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[ID 20000225.001] Suggested new wording for binmode() perlfunc entry

Martien Verbruggen
February 25, 2000 00:52
[ID 20000225.001] Suggested new wording for binmode() perlfunc entry
Message ID:

This is a bug report for perl from mgjv@martien.heliotrope.home,
generated with the help of perlbug 1.26 running under perl 5.00503.

[Please enter your report here]

The wording of the entry for binmode() in the perlfunc man page is
slightly OS-biased, and not clear enough for many people. The 5.5.660
version is a lot better than the 5.005_03, but still leaves some room
for improvement (apart from containing an error).

=item binmode FILEHANDLE

Arranges for FILEHANDLE to be read or written in "binary" mode on
systems where the run-time libraries distinguish between binary and
text files.  If FILEHANDLE is an expression, the value is taken as the
name of the filehandle.  binmode() should be called after open() but
before any I/O is done on the filehandle.  The only way to reset
binary mode on a filehandle is to reopen the file.

On many systems binmode() has no effect, and on some systems it is
necessary when you're not working with a text file.  For the sake of
cross-platform portability it is a good idea to always use it when
appropriate, and to never use it when it isn't appropriate.

In other words:  Regardless of platform, use binmode() on binary
files, and do not use binmode() on text files.

The operating system, device drivers, C libraries, and Perl run-time
system all work together to let the programmer treat a single
character (C<\n>) as the line terminator, irrespective of the external
representation.  On many operating systems, the native text file
representation matches the internal representation, but on some
platforms the external representation of C<\n> is made up of more than
one character.

Mac OS and all variants of Unix use a single character to end each line
in the external representation of text (even though that single
character is not necessarily the same across these platforms).
Consequently binmode() has no effect on these operating systems.  In
other systems like VMS, MS-DOS and the various flavors of MS-Windows
your program sees a C<\n> as a simple C<\cJ>, but what's stored in text
files are the two characters C<\cM\cJ>.  That means that, if you don't
use binmode() on these systems, C<\cM\cJ> sequences on disk will be
converted to C<\n> on input, and any C<\n> in your program will be
converted back to C<\cM\cJ> on output.  This is what you want for text
files, but it can be disastrous for binary files.

Another consequence of using binmode() (on some systems) is that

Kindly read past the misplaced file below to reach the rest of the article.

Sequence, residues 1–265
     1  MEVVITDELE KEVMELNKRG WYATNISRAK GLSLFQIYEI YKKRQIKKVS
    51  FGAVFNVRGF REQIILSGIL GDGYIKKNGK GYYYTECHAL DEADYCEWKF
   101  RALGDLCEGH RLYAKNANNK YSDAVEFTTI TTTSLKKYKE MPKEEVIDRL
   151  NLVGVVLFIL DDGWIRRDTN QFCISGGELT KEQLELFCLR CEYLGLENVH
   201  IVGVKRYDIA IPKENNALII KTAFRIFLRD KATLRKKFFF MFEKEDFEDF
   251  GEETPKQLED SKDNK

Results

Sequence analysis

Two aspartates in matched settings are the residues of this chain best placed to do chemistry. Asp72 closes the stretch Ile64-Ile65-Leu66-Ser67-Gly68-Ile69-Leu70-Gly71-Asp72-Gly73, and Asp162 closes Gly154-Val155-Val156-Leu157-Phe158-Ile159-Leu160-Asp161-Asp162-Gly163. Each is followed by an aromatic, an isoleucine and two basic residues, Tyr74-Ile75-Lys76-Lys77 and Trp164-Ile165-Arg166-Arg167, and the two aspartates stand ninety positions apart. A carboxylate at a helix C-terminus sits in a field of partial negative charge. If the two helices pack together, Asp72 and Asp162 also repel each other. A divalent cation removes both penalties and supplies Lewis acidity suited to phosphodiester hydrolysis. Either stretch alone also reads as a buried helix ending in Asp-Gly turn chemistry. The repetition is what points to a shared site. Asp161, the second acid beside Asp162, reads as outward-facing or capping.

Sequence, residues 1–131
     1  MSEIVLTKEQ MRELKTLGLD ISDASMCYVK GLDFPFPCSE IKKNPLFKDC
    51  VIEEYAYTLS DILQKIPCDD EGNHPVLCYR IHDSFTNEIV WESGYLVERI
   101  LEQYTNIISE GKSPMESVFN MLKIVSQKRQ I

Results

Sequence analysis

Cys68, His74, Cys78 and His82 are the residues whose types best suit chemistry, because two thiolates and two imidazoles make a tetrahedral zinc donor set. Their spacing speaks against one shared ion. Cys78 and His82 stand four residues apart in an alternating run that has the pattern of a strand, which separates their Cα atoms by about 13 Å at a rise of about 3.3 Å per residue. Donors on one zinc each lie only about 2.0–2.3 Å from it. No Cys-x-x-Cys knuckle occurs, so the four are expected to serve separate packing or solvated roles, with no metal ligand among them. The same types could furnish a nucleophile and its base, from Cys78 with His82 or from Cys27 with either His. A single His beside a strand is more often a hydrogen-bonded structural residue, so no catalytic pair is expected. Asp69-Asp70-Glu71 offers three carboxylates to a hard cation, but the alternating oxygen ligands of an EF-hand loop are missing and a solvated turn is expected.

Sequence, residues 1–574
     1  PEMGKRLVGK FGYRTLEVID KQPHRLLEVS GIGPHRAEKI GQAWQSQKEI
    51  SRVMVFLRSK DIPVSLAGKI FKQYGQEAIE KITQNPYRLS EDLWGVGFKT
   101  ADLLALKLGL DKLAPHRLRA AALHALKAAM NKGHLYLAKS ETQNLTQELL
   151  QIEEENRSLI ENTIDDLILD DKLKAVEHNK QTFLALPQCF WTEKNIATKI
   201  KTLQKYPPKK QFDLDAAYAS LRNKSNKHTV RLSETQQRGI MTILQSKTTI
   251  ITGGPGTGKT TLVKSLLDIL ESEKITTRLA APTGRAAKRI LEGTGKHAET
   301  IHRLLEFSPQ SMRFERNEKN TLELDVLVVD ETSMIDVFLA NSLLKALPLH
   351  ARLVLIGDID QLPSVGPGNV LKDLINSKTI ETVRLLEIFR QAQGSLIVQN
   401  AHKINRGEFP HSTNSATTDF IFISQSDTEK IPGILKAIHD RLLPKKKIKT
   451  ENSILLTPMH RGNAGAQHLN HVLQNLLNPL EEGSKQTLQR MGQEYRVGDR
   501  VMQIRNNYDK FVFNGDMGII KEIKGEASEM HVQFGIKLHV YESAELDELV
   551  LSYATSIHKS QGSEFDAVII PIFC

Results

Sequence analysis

special end-of-file markers will be seen as part of the data stream.
For systems from the Microsoft family this means that if your binary
data contains C<\cZ>, the I/O subsystem will ragard it as the end of
the file, unless you use binmode().

binmode() is not only important for readline() and print() operations,
but also when using read(), seek(), sysread(), syswrite() and tell()
(see L<perlport> for more details).  See the C<$/> and C<$\> variables
in L<perlvar> for how to manually set your input and output
line-termination sequences.

[Please do not change anything below this line]

Site configuration information for perl 5.00503:

Configured by mgjv at Mon Nov 22 21:58:09 EST 1999.

Summary of my perl5 (5.0 patchlevel 5 subversion 3) configuration:
    osname=linux, osvers=2.2.12-20, archname=i686-linux
    uname='linux martien 2.2.12-20 #1 mon sep 27 10:40:35 edt 1999 i686 unknown '
    hint=recommended, useposix=true, d_sigaction=define
    usethreads=undef useperlio=undef d_sfio=undef
    cc='cc', optimize='-O2', gccversion=egcs-2.91.66 19990314/Linux (egcs-1.1.2 release)
    cppflags='-Dbool=char -DHAS_BOOL -I/usr/local/include'
    ccflags ='-Dbool=char -DHAS_BOOL -I/usr/local/include'
    stdchar='char', d_stdstdio=undef, usevfork=false
    intsize=4, longsize=4, ptrsize=4, doublesize=8
    d_longlong=define, longlongsize=8, d_longdbl=define, longdblsize=12
    alignbytes=4, usemymalloc=n, prototype=define
  Linker and Libraries:
    ld='cc', ldflags =' -L/usr/local/lib'
    libpth=/usr/local/lib /lib /usr/lib
    libs=-lnsl -lndbm -lgdbm -ldb -ldl -lm -lc -lposix -lcrypt
    libc=, so=so, useshrplib=false, libperl=libperl.a
  Dynamic Linking:
    dlsrc=dl_dlopen.xs, dlext=so, d_dlsymun=undef, ccdlflags='-rdynamic'
    cccdlflags='-fpic', lddlflags='-shared -L/usr/local/lib'

Locally applied patches:

@INC for perl 5.00503:

Environment for perl 5.00503:
    LANGUAGE (unset)
    LOGDIR (unset)
    PERL_BADLANG (unset)
    SHELL=/bin/tcsh Perl Programming lists via nntp and http.
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